The OUYA Android-based gaming console will get hardware refreshes on an annual basis, founder and CEO Julie Uhrman revealed in an interview with Engadget. Uhrman was at DICE, an annual summit that focuses on video games, where she also announced new game publisher partners for the OUYA platform. The refresh cycle will more closely resemble those of smartphones than those of traditional consoles, which generally enjoy multi-year lifespans extending into double digits.
“There will be a new OUYA every year. There will be an OUYA 2 and an OUYA 3,” Uhrman told Engadget in an interview. That’s a pretty bold declaration of intent from a company that, while immensely successful in their Kickstarter crowdfunding campaign, has yet to actually ship production-ready OUYA 1 devices out to the general public, though they have already secured retail partners.
There are a few reasons why current big name consoles have the long life that they do. A lot of money goes into their initial development, for one, meaning that manufacturers like Sony and Microsoft often sell them at a loss for years before they begin to turn a profit on hardware. And there are advantages to this model for the consumer, too: Users don’t have to worry about their hardware and software library becoming obsolete all that quickly when you’ve got a dependable, multi-year upgrade cycle.
Uhrman explains that all games on OUYA will be backwards compatible, at least in so far as they’ll be tied to user accounts independent of hardware, rather than linked to hardware itself. All-digital delivery means that this is easier to accomplish, since there’s no messy business like disc formats to worry about.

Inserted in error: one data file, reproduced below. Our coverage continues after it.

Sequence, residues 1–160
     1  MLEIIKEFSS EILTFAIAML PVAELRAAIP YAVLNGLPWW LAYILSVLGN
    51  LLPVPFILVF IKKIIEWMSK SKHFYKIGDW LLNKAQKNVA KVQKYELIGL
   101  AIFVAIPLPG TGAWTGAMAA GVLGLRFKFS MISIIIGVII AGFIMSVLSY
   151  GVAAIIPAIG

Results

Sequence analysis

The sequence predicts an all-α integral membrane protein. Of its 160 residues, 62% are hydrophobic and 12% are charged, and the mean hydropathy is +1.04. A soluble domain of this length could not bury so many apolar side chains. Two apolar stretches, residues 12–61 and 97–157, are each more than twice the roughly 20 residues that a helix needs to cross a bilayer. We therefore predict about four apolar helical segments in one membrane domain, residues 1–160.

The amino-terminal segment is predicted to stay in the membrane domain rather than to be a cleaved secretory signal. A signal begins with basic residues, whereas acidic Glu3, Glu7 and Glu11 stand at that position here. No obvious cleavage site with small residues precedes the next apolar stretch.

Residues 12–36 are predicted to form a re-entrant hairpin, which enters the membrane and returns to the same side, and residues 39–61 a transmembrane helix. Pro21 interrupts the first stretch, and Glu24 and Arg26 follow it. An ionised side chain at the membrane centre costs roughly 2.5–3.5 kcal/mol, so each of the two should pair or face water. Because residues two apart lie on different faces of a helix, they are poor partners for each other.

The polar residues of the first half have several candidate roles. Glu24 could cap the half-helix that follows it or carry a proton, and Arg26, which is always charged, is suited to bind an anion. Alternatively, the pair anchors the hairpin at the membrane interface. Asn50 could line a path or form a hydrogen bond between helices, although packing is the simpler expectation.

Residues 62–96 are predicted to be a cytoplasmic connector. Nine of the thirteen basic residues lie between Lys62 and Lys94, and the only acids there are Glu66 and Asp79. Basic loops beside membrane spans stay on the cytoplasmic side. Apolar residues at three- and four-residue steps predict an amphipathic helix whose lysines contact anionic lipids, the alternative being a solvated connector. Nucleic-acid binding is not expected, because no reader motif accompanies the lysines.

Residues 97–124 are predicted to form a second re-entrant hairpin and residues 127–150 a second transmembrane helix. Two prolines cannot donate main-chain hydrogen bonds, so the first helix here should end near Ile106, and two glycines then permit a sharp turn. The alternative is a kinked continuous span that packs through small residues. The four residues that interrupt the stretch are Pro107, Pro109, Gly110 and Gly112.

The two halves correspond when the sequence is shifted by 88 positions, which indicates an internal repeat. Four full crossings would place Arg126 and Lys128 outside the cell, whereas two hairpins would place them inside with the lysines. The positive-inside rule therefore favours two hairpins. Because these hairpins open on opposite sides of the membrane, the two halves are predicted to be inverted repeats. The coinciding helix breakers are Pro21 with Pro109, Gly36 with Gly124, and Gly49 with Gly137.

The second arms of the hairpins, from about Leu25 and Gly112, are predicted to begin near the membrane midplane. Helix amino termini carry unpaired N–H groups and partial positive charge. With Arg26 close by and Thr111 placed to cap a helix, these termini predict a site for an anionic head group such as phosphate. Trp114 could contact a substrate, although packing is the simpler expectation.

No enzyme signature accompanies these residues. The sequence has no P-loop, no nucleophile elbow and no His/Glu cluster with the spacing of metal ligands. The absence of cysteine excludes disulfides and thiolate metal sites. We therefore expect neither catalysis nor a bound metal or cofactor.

Plans for future versions of the console include faster processors, and potentially expanding storage beyond the current 8 GB included. At CES this year, Qualcomm and Nvidia both unveiled next-gen processors, so those are likely candidates for future updates, since the emphasis will be on eking out as much graphics performance as possible from the diminutive OUYA box. The current generation OUYA, when it ships, will have a Tegra 3 on board running at 1.6GHz, which should serve it well, at least compared to current generation smartphones.
While it’s somewhat refreshing to see a consumer electronics maker talk in concrete terms about their future product pipeline, you have to wonder whether or not it’s the right move. Uhrman is now essentially committed to an annual update cycle, which puts pressure on the company to deliver that going forward, and which also means consumers are well aware that if they just wait a little while, they can get hardware with better specs. Plus, if the market turns out to be competitive, there’s no mystery about what your upgrade strategy is for potential rivals.
It’s not necessarily surprising that OUYA wants to update annually; the platform they’re creating is well-suited to a frequent update cycle, and that could be one good way to make inroads against the major players, which remain relatively constant for around a decade. But whatever the company’s plans at this point, it still has to ship and then win over consumers before it can put any of them into action.
OUYA was created in 2012 by Julie Uhrman, a video game industry veteran who saw an opportunity to open up the last closed game platform — the TV. Julie and an initial team of game developers and advisors brought the concept to life with the help of Yves Behar and the fuseproject, and took it to Kickstarter in July of 2012. It became one of the most successful Kickstarter projects ever, with tens of thousands of backers pledging to...